Most state boards of nursing require that nurses have continuing education (CE) credits or hours in order to maintain licensure. The numbers of these CE credits or hours vary from state to state and it is crucial that the nurse know what his or her state board requires for licensure.
Periodic audits do take place to monitor this. The audits are randomized and often nurses are chosen more than once in short periods of time. Many of these state boards of nursing go a step beyond the CE credits and mandate what type of continuing education the nurse must focus on. One example of this is Oregon; the state board of nursing in Oregon requires that nurses have seven hours of CE on pain management.
In states that do not require CE credits, each board may require other documents such as:
- Employee evaluations
- Peer evaluations
- Self evaluations
- Attendance files
- Employer in-service attendance
- Proof of the number of hours worked (an example is Wyoming; an employee in this state must have proof of 1600 hours worked over the previous 5 years (Medscape, 2011)). Many states mandate various numbers of hours worked to keep licensure along with CE credits, while other states do not require CE credits if hours worked are met.
As many readers know, obtaining these CE credits can be costly. With some states being stricter than others about the types of CE credits to be obtained, it is vital to know where to look for CE hours. The first thing the nurse must do is go to his or her state board as mentioned above to determine if the hours are of a specific type; already mentioned is seven hours on pain for Oregon nurses. Texas prefers the hours be in the field the nurse works (i.e. emergency room nursing). For Ohio nurses, of the 24 credits required, one must be in Ohio nursing law.
Thankfully for RNs and LPNs, though, most hours or credits aren’t specified.
For a list of state requirements, visit: http://www.medscape.org/public/nursecestaterequirements.
So where do we as nurses go to get the continuing education we are required to have?
Advanced Practice Nurses will be locked into their specialty in most states and their certifications will stand for many of their required hours. APN’s must also spend a specified number of CE hours in pharmacology. For this reason an APN’s CE hours/credit requirement are considerably higher than RN’s or LPNs.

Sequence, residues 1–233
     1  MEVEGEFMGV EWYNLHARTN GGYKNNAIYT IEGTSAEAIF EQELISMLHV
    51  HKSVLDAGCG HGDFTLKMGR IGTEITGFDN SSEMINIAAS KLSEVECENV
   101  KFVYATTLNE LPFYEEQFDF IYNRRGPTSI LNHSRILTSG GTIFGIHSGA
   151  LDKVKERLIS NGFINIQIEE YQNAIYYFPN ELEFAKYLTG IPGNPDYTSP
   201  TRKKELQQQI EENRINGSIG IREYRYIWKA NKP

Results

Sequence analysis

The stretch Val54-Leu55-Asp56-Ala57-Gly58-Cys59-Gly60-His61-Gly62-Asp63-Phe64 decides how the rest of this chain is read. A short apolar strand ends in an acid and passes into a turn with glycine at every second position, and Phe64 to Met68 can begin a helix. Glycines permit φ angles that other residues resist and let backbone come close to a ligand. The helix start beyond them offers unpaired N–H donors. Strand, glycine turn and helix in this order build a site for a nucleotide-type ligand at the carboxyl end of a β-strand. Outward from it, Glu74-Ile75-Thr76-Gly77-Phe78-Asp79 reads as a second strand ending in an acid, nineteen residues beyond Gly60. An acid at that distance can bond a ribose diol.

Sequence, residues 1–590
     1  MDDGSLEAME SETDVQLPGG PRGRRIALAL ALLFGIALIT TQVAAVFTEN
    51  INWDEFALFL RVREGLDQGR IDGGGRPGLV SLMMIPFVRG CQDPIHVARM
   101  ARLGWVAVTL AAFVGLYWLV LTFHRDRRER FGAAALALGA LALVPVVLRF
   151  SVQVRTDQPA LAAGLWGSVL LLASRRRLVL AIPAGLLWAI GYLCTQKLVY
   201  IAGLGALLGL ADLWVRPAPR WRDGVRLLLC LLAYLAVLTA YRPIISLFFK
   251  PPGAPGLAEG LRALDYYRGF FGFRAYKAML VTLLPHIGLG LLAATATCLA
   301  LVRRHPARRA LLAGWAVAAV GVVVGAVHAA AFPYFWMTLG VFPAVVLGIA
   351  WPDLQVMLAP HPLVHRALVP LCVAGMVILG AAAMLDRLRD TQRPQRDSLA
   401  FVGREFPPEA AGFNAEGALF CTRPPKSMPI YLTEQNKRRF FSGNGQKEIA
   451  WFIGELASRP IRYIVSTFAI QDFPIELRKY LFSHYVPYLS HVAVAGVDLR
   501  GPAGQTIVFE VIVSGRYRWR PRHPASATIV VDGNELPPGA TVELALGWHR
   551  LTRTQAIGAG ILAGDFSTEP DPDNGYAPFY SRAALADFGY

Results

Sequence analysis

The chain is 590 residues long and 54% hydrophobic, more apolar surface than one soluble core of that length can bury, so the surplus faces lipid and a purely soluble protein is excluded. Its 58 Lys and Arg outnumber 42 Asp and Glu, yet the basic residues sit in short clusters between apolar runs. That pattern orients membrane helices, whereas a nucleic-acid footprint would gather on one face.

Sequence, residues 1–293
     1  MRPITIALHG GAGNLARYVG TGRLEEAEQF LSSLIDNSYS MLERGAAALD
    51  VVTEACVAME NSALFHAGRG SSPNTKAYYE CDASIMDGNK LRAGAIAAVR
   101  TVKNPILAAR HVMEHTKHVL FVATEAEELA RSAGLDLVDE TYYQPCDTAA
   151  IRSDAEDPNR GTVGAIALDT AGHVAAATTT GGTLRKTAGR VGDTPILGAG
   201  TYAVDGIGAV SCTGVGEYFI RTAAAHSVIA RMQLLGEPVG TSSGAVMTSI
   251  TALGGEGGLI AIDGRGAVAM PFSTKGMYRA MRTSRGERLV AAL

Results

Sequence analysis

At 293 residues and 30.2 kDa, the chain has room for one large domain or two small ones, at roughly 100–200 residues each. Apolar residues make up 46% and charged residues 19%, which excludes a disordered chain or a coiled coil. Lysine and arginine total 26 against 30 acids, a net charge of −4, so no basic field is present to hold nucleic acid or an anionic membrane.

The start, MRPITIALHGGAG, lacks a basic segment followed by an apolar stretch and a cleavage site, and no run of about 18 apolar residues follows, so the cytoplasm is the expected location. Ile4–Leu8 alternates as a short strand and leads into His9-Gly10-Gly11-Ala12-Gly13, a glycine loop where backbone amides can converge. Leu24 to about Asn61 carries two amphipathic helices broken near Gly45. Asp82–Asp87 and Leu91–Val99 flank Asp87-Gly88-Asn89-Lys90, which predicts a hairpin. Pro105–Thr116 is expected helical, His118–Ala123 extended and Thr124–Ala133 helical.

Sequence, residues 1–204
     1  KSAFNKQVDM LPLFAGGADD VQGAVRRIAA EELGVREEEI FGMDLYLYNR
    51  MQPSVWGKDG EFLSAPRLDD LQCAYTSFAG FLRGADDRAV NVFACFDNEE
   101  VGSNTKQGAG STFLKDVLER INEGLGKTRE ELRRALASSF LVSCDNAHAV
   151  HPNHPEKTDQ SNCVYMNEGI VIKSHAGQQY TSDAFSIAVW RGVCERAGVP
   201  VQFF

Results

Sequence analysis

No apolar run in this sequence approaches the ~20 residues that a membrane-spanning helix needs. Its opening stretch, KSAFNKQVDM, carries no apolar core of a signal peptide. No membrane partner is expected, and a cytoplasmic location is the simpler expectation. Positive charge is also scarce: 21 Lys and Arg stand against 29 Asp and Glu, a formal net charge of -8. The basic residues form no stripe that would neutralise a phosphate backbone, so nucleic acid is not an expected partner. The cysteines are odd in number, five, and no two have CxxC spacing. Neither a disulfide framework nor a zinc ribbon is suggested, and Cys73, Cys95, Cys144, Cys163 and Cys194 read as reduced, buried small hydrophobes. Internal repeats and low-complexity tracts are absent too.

For the rest of us, most any quality CE course will do. However, be careful of internet CEs. Please do not just use a search engine looking for “free continuing education credits.” You are certain to find a plethora of hits on search engines, but make sure that you can trust the web site you go to for the education you are seeking.
Make sure you do your due diligence in checking out the website prior to giving credit card information. Identity thieves get more creative every day. Even well meaning people making attempts at giving CE credits may not be an accredited body recognized by your nursing board.
Here’s a list of resources that are generally a safe bet for CEs.
- Nursing journals.
- Websites belonging to nursing journals.
- Nursing Symposiums. You’ll have to pay to attend, but many times, you will get as many as 60 CE credits for attending a conference.
- Vendors that solicit your business in the healthcare facility where you are employed. Trust me on this; they are so thrilled someone is willingly giving them the time of day in the facility, they are only too glad to spend a few minutes with you. Ask the vendors if they have an accredited education body that provides CE’s. Here is a big hint – these should be FREEBIES!!!
- School (for those of you taking classes). As long as you are in school, your schooling will count as CE credits.
- Your employer. At a previous employer, our manager sought out entities to bring CEs to the nurses. Employers can also apply to give CE’s for certain educational in-services.
Good luck, and keep learning.